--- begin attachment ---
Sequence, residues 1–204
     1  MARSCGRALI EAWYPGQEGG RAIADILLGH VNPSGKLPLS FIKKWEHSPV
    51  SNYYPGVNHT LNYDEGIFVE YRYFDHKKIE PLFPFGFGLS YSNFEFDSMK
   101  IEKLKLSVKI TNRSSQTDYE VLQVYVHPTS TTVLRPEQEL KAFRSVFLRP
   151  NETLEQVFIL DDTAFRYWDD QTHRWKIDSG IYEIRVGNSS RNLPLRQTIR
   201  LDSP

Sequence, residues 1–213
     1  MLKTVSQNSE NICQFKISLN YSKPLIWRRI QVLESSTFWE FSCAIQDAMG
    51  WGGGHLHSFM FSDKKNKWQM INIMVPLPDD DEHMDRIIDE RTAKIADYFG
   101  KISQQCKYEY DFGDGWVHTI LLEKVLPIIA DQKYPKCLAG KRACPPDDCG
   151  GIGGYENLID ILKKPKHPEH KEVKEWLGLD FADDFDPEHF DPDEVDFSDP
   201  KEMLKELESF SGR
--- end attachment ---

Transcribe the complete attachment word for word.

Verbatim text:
Sequence, residues 1–204
     1  MARSCGRALI EAWYPGQEGG RAIADILLGH VNPSGKLPLS FIKKWEHSPV
    51  SNYYPGVNHT LNYDEGIFVE YRYFDHKKIE PLFPFGFGLS YSNFEFDSMK
   101  IEKLKLSVKI TNRSSQTDYE VLQVYVHPTS TTVLRPEQEL KAFRSVFLRP
   151  NETLEQVFIL DDTAFRYWDD QTHRWKIDSG IYEIRVGNSS RNLPLRQTIR
   201  LDSP

Sequence, residues 1–213
     1  MLKTVSQNSE NICQFKISLN YSKPLIWRRI QVLESSTFWE FSCAIQDAMG
    51  WGGGHLHSFM FSDKKNKWQM INIMVPLPDD DEHMDRIIDE RTAKIADYFG
   101  KISQQCKYEY DFGDGWVHTI LLEKVLPIIA DQKYPKCLAG KRACPPDDCG
   151  GIGGYENLID ILKKPKHPEH KEVKEWLGLD FADDFDPEHF DPDEVDFSDP
   201  KEMLKELESF SGR